When the Gospel Comes as Grief
David R. Weiss – May 14, 2019
The Gospel in Transition #24 – Subscribe at www.davidrweiss.com
It’s been a week now since the United Nations released a new report from the Intergovernmental Science-Policy Platform on Biodiversity and Ecosystem Services (IPBES). The Global Assessment Report, the result of three years of work by 145 researchers from 50 countries, reviews some 15,000 scientific and government sources and offers the most far-reaching appraisal to date of nature’s overall health. It is not encouraging.
The IPBES media release opens with a gut punch: “Nature is declining globally at rates unprecedented in human history.” How do you quantify that? The report has a statistic to offer from almost every angle; I’ll mention just one. Of the approximately 8 million total species of plants and animals (including insects) on Earth, one million are in danger of extinction, each one a cathedral millennia in the making.
The threat isn’t entirely due to human-driven climate change. The report names the top two causes as (1) human impacts on land and water habitats and (2) direct exploitation (e.g., over-fishing). Then comes climate change, followed by pollution. But each cause reflects human activity that’s been repeatedly indifferent to the needs of the natural world. This is not “creation groaning in travail” (Romans 8:22); this is creation being relentlessly executed by the ecological inertia of our choices.
Whatever the author of Genesis meant by according us “dominion” over creation, killing off better than 1/10 of Eden’s abundance does not count. Indeed, a careful study of the word “dominion” in the Hebrew Scriptures shows that it always refers to power-exercised-with-wisdom-and-justice. What we’ve done as a species—exemplified by certain “advanced” civilizations and cultures—is not dominion. It’s mere—sheer destruction. In fact, by biblical standards (and in the report’s judgment!), indigenous peoples living far more simply than us are perhaps the best examples of dominion on the planet today.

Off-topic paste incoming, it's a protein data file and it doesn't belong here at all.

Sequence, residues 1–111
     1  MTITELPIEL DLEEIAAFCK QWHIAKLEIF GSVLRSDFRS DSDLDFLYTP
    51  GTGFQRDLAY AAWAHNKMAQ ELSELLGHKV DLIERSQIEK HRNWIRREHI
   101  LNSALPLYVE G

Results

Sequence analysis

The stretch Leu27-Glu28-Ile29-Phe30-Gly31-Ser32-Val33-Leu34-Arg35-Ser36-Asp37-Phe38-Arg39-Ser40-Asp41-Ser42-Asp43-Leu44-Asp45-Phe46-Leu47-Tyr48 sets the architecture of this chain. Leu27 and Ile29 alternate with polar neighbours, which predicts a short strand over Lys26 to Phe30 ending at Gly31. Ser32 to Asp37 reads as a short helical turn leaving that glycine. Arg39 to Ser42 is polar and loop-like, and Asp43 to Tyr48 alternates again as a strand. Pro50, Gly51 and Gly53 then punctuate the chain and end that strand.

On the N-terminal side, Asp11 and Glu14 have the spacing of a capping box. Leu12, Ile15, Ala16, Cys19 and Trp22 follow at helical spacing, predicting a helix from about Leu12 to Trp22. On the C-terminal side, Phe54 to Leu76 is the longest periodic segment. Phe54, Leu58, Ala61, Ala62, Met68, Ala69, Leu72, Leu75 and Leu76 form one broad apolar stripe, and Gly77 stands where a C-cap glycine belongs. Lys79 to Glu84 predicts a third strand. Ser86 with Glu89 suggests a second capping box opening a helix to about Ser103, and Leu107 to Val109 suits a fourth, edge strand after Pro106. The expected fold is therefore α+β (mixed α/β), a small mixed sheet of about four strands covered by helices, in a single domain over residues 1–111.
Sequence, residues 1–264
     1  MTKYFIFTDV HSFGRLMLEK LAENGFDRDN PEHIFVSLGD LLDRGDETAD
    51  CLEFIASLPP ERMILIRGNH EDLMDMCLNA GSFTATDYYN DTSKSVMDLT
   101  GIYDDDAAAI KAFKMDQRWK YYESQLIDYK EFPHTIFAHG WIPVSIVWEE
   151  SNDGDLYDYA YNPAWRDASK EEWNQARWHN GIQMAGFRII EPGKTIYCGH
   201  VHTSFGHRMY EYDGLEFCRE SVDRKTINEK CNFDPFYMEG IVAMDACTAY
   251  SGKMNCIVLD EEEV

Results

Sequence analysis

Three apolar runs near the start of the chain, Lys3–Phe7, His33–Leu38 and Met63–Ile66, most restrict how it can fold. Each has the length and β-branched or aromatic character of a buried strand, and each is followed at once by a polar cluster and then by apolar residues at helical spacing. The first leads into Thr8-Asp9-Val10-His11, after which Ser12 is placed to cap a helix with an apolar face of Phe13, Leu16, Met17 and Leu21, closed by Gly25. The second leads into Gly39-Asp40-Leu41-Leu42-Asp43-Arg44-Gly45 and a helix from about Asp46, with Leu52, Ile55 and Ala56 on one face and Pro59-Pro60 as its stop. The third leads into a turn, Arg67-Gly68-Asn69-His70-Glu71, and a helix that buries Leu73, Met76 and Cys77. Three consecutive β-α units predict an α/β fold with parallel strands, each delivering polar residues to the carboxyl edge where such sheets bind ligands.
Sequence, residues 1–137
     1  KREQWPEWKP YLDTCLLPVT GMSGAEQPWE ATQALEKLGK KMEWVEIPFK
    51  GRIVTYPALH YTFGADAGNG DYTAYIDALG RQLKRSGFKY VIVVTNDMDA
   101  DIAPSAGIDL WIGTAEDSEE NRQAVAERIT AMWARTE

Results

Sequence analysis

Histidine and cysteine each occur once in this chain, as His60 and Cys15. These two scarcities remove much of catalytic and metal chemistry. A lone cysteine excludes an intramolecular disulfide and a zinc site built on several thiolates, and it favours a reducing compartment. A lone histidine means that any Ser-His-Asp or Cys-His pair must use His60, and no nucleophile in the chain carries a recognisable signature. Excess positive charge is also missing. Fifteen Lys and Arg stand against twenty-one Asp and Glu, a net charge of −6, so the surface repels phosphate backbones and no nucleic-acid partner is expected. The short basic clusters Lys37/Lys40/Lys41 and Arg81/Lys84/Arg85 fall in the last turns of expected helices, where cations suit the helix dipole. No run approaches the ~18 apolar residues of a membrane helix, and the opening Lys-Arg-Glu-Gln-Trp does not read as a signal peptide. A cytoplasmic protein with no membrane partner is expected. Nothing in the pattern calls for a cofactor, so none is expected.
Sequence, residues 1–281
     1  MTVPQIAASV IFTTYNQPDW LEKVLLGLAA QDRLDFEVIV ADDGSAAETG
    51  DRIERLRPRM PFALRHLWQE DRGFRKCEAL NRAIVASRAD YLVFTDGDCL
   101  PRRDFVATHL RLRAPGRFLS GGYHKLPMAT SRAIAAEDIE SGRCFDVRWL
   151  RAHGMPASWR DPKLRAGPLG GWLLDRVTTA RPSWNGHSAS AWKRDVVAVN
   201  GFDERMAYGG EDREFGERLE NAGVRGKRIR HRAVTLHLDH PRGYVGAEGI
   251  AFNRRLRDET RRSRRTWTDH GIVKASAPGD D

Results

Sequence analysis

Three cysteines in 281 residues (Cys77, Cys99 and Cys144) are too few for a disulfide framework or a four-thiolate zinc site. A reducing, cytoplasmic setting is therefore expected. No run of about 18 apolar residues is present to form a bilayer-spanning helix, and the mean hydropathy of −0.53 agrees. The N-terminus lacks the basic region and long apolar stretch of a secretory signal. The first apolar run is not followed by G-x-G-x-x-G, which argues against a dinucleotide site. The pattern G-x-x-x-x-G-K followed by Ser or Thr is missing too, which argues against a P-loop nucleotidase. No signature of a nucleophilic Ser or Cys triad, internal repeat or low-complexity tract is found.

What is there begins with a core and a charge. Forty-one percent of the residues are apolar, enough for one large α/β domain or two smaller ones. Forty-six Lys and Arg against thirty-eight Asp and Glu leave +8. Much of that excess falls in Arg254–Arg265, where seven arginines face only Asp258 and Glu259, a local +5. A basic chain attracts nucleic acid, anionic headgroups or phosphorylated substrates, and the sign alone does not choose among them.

How do we respond to a report that is simply overwhelming in its bleakness? That catalogs so much life—habitats, ecosystems, and species—at risk? I recall a line in a film I saw decades ago (Mass Appeal, 1984). One character, a young seminarian, tells a story about his tank of tropical fish. One night the heater went bad and they all boiled. He recalls, “I woke up the next morning and went to feed them, but I found them all floating at the top. Most of them split in two, others with their eyes hanging out. It looked like violence, like suffering, but it had been such a quiet night. And I remember wishing I had the kind of ears that could hear fish scream.”
We need those kind of ears today. Neither undaunted optimism nor debilitating despair are useful now. We face a moment when, for people of faith, the gospel comes as grief. (I think this is true in secular terms as well, although it would be described somewhat differently.) Grief will be fundamental in any pursuit of the transformative change the IPBES report says is necessary: “We mean a fundamental, system-wide reorganization across technological, economic and social factors, including paradigms, goals, and values.”
Yes, there is much to be done: changing individual choices, exerting political pressure, pursuing technological breakthroughs, and altering corporate agendas. But in the midst of all that doing, we need to root ourselves, as it were, in grief. And because our culture as a whole avoids grief, communities of faith may have a unique responsibility in this precarious moment: to work feverishly to facilitate grief.
Grief, by itself, is not nearly enough to save us, but it is a fundamentally spiritual undertaking (tapping into our emotions on an existential scale) and if we do not embrace it, everything else done by ourselves and others is little more than banter on the way to oblivion. Read that sentence again, if you have to. I’m not saying that politics and technology and industry (and more) have no role to play. I am saying—shouting if need be—that grief is the most important entry point and the most neglected one in addressing climate change. And every week of worship that we delay in giving voice to ecological grief as our primary work as the church today, we fail to be the people of faith that God and the whole of creation need us to be today.